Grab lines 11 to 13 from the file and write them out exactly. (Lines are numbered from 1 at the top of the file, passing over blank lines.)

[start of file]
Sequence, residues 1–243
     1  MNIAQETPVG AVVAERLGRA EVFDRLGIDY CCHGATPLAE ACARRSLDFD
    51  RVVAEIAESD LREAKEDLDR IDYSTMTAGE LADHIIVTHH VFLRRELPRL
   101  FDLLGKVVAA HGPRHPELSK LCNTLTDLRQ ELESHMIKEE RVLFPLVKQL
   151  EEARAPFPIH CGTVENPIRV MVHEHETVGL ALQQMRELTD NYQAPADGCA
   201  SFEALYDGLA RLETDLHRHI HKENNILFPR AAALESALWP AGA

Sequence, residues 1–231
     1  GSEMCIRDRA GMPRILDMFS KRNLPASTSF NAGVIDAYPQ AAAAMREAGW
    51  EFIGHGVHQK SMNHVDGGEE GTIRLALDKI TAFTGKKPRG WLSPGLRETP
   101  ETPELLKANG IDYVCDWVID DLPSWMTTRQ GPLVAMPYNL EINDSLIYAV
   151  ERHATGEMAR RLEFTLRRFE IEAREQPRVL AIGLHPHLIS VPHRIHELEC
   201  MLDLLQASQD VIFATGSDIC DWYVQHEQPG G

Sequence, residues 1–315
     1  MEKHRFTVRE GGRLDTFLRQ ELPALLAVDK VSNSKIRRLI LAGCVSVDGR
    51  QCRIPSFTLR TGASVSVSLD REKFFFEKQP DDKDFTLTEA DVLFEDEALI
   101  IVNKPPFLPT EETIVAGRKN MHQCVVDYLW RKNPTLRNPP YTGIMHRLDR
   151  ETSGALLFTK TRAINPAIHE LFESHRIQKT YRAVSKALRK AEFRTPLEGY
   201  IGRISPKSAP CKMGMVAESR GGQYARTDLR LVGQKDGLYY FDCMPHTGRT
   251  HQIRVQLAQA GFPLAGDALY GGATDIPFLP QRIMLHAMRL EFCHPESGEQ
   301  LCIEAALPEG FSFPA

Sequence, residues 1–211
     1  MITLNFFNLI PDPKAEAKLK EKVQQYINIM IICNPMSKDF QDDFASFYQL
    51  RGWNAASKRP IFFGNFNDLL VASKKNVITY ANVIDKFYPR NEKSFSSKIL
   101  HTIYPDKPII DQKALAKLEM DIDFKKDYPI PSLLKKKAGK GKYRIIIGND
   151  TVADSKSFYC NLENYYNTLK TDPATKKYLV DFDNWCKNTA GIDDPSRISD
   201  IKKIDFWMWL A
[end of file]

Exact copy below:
   151  ERHATGEMAR RLEFTLRRFE IEAREQPRVL AIGLHPHLIS VPHRIHELEC
   201  MLDLLQASQD VIFATGSDIC DWYVQHEQPG G

Sequence, residues 1–315